Sunday, February 15, 2009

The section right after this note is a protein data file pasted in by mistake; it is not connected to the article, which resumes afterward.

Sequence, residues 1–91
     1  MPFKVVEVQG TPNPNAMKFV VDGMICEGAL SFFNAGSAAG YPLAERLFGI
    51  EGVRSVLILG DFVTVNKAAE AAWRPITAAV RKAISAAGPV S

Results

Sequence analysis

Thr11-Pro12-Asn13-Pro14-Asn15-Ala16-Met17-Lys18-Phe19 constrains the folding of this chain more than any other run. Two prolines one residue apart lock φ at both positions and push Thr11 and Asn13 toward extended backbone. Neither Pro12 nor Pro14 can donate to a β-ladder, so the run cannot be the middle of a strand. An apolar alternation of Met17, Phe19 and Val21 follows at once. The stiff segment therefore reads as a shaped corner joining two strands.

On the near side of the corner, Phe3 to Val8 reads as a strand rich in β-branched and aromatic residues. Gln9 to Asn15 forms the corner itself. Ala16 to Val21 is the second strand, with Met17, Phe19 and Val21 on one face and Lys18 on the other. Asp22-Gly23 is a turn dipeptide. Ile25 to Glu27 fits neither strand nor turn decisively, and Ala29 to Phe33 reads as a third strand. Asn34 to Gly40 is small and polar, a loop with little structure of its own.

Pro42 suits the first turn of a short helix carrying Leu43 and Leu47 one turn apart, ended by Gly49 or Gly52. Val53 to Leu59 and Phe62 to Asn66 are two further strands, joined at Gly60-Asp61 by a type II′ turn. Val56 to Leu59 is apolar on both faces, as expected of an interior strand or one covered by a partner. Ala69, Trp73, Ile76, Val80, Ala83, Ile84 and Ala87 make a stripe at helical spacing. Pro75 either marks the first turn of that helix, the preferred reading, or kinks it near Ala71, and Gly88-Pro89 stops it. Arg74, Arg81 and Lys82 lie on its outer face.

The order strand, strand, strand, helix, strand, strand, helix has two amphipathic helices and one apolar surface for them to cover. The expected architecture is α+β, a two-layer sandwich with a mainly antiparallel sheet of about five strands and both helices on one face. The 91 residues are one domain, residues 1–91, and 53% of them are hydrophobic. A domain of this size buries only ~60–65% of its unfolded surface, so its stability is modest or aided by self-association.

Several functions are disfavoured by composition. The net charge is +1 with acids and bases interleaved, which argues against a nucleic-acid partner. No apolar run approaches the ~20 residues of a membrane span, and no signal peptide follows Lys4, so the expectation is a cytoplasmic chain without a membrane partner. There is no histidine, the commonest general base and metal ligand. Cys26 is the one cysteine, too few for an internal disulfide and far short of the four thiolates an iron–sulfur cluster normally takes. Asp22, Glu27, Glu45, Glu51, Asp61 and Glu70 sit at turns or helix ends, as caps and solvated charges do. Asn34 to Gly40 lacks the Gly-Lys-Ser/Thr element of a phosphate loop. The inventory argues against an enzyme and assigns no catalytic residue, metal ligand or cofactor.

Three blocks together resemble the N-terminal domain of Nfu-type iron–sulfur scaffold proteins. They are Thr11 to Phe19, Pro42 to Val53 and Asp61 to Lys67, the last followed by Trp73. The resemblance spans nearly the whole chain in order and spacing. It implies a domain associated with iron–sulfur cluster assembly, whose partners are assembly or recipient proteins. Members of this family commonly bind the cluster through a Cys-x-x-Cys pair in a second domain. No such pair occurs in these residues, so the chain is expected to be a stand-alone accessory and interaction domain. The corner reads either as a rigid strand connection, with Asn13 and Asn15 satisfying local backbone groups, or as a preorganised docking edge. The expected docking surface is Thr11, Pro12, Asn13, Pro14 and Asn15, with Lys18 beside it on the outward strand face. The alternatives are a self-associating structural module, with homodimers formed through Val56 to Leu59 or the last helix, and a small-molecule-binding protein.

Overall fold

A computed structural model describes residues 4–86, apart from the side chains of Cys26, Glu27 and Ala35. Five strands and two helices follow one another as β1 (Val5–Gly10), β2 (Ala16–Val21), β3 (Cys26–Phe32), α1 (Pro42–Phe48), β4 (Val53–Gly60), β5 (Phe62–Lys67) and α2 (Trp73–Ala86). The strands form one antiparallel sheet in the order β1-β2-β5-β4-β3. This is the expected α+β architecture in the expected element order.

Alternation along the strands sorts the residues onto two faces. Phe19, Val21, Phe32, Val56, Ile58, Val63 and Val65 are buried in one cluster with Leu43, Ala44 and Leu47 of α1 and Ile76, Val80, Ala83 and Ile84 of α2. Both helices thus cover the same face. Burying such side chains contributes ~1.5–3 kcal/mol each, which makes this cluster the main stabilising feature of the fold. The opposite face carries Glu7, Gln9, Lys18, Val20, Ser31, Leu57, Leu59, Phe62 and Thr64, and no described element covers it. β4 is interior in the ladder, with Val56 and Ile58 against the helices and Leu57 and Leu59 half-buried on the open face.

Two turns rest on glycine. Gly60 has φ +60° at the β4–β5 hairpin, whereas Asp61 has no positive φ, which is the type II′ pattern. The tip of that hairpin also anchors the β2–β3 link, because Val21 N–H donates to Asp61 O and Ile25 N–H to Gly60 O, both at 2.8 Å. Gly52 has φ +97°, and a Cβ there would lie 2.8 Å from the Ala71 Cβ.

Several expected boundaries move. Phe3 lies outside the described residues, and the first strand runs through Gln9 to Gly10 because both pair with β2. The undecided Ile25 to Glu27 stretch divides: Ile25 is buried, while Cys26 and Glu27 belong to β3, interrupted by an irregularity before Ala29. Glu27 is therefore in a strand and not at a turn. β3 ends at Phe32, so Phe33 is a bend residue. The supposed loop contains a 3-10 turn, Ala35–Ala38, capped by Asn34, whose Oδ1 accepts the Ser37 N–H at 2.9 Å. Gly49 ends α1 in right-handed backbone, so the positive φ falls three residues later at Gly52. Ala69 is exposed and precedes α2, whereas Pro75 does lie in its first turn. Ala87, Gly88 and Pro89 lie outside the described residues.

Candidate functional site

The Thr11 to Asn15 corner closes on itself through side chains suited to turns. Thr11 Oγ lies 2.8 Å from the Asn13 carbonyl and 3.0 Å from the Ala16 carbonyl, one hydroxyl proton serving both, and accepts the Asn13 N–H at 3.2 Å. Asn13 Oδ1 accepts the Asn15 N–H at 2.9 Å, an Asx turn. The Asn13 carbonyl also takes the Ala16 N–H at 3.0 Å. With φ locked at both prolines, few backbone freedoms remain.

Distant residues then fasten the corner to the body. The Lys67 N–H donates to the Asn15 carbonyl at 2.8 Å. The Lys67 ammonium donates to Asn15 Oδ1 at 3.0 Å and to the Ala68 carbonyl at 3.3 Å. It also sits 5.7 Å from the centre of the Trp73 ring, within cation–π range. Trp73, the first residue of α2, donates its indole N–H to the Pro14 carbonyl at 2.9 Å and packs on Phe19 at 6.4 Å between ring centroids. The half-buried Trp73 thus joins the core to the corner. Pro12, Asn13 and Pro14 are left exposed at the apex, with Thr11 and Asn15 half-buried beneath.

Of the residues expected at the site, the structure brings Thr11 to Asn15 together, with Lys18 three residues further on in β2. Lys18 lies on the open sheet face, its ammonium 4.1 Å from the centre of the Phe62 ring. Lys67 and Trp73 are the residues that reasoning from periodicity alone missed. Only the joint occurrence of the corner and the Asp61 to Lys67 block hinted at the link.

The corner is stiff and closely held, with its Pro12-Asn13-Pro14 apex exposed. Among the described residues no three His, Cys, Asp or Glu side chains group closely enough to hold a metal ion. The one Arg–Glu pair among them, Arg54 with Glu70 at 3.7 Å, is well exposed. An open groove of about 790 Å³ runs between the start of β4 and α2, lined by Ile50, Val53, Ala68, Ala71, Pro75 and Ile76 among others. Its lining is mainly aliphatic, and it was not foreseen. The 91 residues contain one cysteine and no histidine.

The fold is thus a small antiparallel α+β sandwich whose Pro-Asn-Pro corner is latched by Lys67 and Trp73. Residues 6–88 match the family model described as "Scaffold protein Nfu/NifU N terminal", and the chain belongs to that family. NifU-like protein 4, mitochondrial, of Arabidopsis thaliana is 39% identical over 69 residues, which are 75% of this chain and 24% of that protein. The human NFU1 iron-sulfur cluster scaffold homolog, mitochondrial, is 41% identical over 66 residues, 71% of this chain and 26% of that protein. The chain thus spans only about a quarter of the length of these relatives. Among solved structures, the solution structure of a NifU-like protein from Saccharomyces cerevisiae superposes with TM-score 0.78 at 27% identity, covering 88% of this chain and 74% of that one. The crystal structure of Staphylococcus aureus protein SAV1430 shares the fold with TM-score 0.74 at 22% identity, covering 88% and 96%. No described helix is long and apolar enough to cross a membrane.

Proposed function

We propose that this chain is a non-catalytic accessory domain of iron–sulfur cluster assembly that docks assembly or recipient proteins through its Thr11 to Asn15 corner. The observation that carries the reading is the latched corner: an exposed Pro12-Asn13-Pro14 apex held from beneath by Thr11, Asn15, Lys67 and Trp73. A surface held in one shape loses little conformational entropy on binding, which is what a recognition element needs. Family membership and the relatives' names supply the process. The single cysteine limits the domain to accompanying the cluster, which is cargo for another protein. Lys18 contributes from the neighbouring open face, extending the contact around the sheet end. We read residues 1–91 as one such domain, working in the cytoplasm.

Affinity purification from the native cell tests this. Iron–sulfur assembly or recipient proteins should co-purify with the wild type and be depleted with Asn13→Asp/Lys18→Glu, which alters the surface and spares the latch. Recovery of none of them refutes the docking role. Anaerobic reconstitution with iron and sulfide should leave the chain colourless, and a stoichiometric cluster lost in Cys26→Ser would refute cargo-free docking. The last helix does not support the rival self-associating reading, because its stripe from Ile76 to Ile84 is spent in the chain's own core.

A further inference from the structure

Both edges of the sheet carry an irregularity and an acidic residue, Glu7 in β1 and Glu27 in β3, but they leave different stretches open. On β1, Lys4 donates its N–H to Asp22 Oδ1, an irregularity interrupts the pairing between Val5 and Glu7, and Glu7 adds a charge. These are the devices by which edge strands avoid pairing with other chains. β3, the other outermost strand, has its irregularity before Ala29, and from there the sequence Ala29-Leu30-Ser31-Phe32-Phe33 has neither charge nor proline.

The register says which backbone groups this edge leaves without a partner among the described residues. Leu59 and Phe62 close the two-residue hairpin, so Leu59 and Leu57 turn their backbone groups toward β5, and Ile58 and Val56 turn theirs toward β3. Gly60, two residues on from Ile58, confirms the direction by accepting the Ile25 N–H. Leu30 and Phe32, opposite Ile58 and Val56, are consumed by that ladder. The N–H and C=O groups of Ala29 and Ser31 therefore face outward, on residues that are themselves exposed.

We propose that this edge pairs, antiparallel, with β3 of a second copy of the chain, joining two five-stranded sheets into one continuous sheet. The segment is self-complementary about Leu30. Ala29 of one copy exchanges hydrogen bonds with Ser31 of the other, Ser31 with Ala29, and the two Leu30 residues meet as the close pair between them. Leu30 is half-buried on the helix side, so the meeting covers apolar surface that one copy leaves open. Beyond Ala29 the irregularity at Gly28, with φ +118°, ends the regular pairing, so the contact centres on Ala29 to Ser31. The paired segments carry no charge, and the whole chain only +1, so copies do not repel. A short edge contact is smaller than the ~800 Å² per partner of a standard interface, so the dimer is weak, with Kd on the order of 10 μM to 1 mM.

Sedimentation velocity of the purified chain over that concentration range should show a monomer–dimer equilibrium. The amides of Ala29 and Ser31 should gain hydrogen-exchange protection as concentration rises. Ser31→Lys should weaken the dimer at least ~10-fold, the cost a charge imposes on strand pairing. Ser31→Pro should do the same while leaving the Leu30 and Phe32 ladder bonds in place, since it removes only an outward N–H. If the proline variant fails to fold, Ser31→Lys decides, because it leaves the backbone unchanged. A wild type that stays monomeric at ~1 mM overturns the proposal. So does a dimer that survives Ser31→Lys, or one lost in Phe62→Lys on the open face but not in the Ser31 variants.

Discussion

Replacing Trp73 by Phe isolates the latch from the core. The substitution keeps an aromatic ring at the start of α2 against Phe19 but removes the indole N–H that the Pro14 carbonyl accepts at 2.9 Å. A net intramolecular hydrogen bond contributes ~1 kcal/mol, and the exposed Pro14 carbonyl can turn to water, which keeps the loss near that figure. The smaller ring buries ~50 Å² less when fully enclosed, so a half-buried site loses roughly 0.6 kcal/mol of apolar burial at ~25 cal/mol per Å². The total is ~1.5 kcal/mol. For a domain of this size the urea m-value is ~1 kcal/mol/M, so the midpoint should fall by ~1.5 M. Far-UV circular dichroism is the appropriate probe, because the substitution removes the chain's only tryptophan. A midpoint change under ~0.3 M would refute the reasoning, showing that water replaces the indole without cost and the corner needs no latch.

In the movie Big Night, recently-mmigrated Italian brothers struggle to revive their floundering restaurant. The business-end brother falls into a trap set by a competitor and make a “big night” effort for a visiting celebrity, which should revive the place. The party comes off well—the food is exquisite and the guests have fun—but the celebrity doesn’t show, which means the brothers have no money left in their bank account and no shot-in-the arm publicity. They’re angry with each other, knowing they’re finished, but in the end they’re buddies again. Their lives could have gone in several directions--either those who came to the party will spread the word about how good the food is or the business will end. And if the restaurant thrives, they can learn from it, or not, but I prefer to hope they learned that it’s not enough to make good food, you have to have atmosphere. Ebert said it was a movie of “great wisdom and delight,” and that was a surprise I only knew when the movie ended.